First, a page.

Start Exfoliating – Want brighter, younger-looking skin? It starts with a great at home exfoliator! Dr. Shah explains that, “As your skin replenishes itself, dead skin cells start to build up on the top layer, leaving you looking dull. Exfoliating regularly removes this layer, revealing fresh, healthy skin. Regular exfoliation also allows your moisturizer and other topical products to penetrate more deeply, making them more effective.” 

Clean Your Makeup Brushes – You would not eat food on dirty dishes, would you? Applying makeup with dirty brushes is not so different. Not only will dirty brushes give you a spotty application, but they can harbor bacteria, dirt and oil, leading to acne and breakouts which necessitates piling on even more makeup to cover it up. 

Don’t Squeeze Your Pimples! – Here’s a secret that many a supermodel or actress use: Steroid shots. Dr. Shah explains that, “when we discuss treating acne with cortisone or “steroid” shots, we are referring to the process of gently placing a very dilute quantity of a “glucocorticoid” steroid into the cyst. Glucocorticoids are a class of steroid molecules that are naturally produced by our bodies and have numerous functions including the regulation of human metabolism, immunity, and inflammation. They have very potent anti-inflammatory effects, so they are often used to treat inflammatory diseases in medicine. They can be formulated as creams to treat skin rashes or as pills to treat systemic disease. They can also be injected directly into local areas of inflammation such as in arthritic joints and inflamed acne cysts. Within one or two days of injection into a cyst, the steroid will shrink the inflammation producing relief of pain and almost immediate cosmetic improvement.”

Peels – Look for AHA/BHA/PHA peels that will exfoliate the skin and help release the top layers of dead skin cells allowing for a more radiant underlay to come through.

Microdermabrasion – This professional treatment exfoliates at a deeper level (like a peel), with a mechanical handheld device that buffs away the upper layers of the skin. 

Add vitamin C to your routine. – Dr. Shah suggests applying several drops of vitamin C serum underneath SPF each morning to target free radical damage, help lighten brown spots, and even out your skin tone. 

Moisturizer – It may seem obvious, but when it comes to dewy, glowing skin, moisturizing is essential. “When your skin is dry, it looks dull, so hydrating ingredients can help bring back that glow,” says Dr.  Shah. For skin types already prone to shine, adding moisture may seem like the last thing you need, but an oil-free hydrator with ingredients like hyaluronic acid could actually help reduce your sebum production and even out slickness into a sleek glow.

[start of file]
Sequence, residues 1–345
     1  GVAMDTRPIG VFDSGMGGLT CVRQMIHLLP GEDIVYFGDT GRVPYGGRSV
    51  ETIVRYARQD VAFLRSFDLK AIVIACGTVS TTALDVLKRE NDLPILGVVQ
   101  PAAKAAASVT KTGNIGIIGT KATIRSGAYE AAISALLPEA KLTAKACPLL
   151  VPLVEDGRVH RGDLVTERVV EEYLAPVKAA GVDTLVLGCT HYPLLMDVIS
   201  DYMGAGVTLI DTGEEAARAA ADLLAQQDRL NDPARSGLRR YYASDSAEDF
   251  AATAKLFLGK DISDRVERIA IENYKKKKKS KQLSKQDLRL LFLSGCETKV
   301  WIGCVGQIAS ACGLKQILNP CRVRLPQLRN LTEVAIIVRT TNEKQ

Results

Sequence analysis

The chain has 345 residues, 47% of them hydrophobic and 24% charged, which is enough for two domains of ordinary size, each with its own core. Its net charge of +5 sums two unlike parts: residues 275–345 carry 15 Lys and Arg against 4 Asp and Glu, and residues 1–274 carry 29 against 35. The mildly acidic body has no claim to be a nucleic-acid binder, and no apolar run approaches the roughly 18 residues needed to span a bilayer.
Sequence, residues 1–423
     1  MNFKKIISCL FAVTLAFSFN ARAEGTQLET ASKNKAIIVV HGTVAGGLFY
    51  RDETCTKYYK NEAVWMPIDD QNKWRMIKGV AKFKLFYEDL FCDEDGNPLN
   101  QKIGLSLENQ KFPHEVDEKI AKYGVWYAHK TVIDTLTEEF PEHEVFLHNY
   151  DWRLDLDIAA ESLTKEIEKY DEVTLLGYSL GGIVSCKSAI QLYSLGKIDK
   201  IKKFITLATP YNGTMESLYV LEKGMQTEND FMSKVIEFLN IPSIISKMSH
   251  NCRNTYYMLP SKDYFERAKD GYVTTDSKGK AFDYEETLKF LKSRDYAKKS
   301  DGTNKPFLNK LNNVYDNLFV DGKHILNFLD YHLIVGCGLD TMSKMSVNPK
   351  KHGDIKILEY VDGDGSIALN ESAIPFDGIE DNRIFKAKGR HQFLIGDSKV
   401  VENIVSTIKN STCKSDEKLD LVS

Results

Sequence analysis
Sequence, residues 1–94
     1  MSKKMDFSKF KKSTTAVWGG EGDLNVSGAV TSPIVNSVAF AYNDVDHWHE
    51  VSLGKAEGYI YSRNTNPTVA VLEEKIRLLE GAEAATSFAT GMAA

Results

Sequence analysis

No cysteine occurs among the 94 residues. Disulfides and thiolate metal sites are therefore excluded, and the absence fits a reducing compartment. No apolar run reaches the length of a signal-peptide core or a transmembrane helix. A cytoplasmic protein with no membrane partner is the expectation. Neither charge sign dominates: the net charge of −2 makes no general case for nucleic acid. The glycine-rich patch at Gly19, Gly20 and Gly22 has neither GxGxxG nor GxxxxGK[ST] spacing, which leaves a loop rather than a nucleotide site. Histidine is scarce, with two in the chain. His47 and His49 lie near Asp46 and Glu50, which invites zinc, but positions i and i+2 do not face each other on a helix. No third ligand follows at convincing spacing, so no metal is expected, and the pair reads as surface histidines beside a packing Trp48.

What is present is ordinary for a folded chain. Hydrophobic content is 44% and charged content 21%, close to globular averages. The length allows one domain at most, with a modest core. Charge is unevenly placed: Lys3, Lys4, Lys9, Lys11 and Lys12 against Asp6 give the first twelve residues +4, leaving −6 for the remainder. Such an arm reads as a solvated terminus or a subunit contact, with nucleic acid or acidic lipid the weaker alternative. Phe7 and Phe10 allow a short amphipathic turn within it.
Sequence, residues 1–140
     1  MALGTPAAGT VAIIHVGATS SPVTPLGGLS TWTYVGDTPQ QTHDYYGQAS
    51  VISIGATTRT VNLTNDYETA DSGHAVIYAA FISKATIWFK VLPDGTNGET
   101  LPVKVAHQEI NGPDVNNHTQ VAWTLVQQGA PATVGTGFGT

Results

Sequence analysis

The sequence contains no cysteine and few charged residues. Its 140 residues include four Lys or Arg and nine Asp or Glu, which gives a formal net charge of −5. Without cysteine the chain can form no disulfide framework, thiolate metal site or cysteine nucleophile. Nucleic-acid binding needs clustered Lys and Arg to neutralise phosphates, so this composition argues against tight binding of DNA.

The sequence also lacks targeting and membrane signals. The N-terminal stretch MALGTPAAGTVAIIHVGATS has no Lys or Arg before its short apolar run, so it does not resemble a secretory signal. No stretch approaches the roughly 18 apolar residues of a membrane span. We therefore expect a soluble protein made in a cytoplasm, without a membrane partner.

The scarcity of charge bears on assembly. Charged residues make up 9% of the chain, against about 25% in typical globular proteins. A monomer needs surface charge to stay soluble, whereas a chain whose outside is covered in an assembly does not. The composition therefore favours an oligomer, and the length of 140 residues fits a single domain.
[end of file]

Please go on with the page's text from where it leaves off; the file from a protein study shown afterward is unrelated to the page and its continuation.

About Dr. Manish Shah

Manish Shah, M.D., F.A.C.S. was born in Canada and raised in the Washington, D.C. area. He graduated with honors from the University of Pennsylvania, receiving a degree in biomedical engineering. He then completed his medical training at the University of Virginia, earning his Medical Doctorate. During this time, he also completed a one-year fellowship in microsurgery research at the New York University School of Medicine / Institute of Reconstructive Plastic Surgery. As a prelude to his plastic surgery training, Dr. Shah completed a rigorous five-year training program in General and Trauma Surgery at Emory University and the Medical College of Georgia. His formal training in Plastic and Reconstructive Surgery was completed at the Univ. of Tennessee College of Medicine – Chattanooga Unit. After completing his plastic surgery training, he moved to New York City when he was selected for the prestigious Aesthetic Surgery Fellowship at Manhattan Eye, Ear, and Throat Hospital. He underwent extensive, advanced training in aesthetic surgery of the face, breasts, and body at the hands of some of the most renowned cosmetic surgeons in the world. This fellowship is widely considered to be the best of its kind in the world. Dr. Shah is one of only a select few plastic surgeons in the country who have undergone formal post-graduate training in aesthetic surgery.

Dr. Shah’s specialties include revision facial aesthetic surgery, rhinoplasty (“nose reshaping”), and aesthetic surgery of the breast (breast augmentation, breast lift, breast reduction). He is, however, well-trained in all areas of aesthetic surgery.